|Anawangin, circa 2008 (original)||Anawangin, 2011|
Unfortunately, after a period of intense buzz, the magic is gone, as is the peace. (Or perhaps I was just hoping for too much to begin with.) Weekends have always been more crowded it seems, but this past weekend, it was a zoo. There must have been at least five hundred people or maybe even a thousand, spread out over a few hundred tents that crowded each other within the forest. Dozens of bancas, big and small were moored on the beach, leaving scant open ocean in which to swim or play. The trail leading to a cliff-top view point suffered from constant traffic jams and a normally quick hike take at least twenty minutes. Beach and forest, which I had been hoping would be untouched were instead filled with make-shift, semi-permanent bamboo huts that served as both faux luxury accommodation (compared to the tents the rest of us were in) and the local Seven 11, a bank of rough toilets and showers, and picnic benches and firepits.
Gone were the beautiful vistas of an untouched beach with pine trees or the forested riverbanks leading into a lagoon. What was left was just a typical tourist scene, marked by unplanned and thoughtless man-made structures with the best natural scenes fenced off with barbed wire so that the owner of the island could charge money for their use. Yet, it is not hard to see why this place has received so much positive word of mouth. It could be stunning, and there is still a lot going for it. The water is still nice, the beach still beautiful and the pine trees still there. If there wasn't a few hundred new potential friends there sharing it with me, I would be pretty happy. A couple of beaches off the main stretch of the cove serve as a reminder of how amazing Anawangin was just a few months ago - deserted and untouched in its pure and unspoiled natural beauty.
Thankfully, even on the main beach, nature has yet to outwardly show permanent consequences. The semi-permanent structures on the beach and in the forest, and the barbed wire fences may be ugly and unfortunate, but they are not un-removable. Yet they are just the beginning and there is no doubt in my mind that at this rate, irreversible damage isn't far off. Already, there is litter scattered about the beach, the forests, and the surrounding hiking trails. Worse, my tour guide told me that the huge amounts of trash generated by hundreds of carefree tour group tourists unconcerned by environmental impacts is disposed of in open mounds deeper in the forest. Nothing is taken off the island and everything is landfilled, including the incredible amounts of recyclables like empty bottles of water and Tanduay Ice.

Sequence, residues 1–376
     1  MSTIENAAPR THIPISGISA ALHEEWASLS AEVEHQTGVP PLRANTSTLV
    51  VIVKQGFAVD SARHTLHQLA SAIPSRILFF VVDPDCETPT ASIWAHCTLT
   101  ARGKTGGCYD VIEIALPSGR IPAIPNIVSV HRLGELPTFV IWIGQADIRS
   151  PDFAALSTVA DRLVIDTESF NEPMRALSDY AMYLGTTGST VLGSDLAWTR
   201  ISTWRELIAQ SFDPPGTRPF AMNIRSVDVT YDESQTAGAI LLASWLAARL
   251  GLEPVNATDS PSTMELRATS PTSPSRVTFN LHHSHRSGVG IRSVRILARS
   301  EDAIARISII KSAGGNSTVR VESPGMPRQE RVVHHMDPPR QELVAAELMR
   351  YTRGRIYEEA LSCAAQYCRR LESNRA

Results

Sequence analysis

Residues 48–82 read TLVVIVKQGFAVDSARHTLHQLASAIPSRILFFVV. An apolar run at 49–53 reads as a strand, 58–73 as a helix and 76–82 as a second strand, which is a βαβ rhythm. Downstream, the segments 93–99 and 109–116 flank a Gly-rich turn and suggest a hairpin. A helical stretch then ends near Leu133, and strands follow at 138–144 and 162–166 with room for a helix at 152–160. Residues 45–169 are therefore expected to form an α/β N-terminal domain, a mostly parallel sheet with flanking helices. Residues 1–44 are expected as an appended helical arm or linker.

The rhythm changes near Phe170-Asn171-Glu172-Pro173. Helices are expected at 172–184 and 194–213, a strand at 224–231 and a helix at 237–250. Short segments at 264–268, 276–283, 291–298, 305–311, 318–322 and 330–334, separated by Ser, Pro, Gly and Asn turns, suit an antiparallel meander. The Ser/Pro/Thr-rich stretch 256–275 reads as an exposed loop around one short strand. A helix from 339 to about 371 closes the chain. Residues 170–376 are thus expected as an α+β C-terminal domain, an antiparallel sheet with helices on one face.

As bad as this is, it is not the most troubling. Instead I worry about the rates of water usage that ground pumps are drawing out for thousands of tourists a week to wash with, the run off of shampoo and soap that is just seeping back into the ground, the lack of a real sanitation system, the pollution of dozens of daily of banca trips, or the slow effects of thousands of campers on the trees struggling in an already difficult environment.
No, I am certain that Anawangin cannot continue to suffer this level of traffic with this lack of regulation and environmental concern for very long. Something must be done, or something will give.
The truth is that I was at first disappointed that I was not going to get the Anawangin experience I had imagined. Then I got over myself. I was after all, one of the contributors to this madness, just another in the hordes of people who had heard amazing things about Anawangin and rushed over to experience the beauty of nature and (maybe more so) to be able to boast about having gone to friends.
The reality was that I was witnessing the scary underbelly of tourism development firsthand. This was the first season that the fences had gone up, the first season that masses of people were inundating the beach, the first season where running water and toilets were available. Someone (the private owner of the beach) was finally cashing in on his natural gem, and bringing various boat owners and tour group operators up with him. There is money to be made, and they are going to make it.
While I don't want to stand in the way of development, there is a good way to open up tourism and a bad way to do it. Anawangin is fast approaching the bad way. Until the owner (and strangely, I have heard that it is one person who owns the entire cove) reverses course and develops the area sustainably - even potentially limiting the number of people who can visit at any one time - I suggest avoiding Anawangin. If you do go, don't expect peace, quiet, or even much in the way of natural scenic wonder unmarked by human hands anymore. Instead, you will be, like me, both witness and a contributor to the sad demise of Anawangin.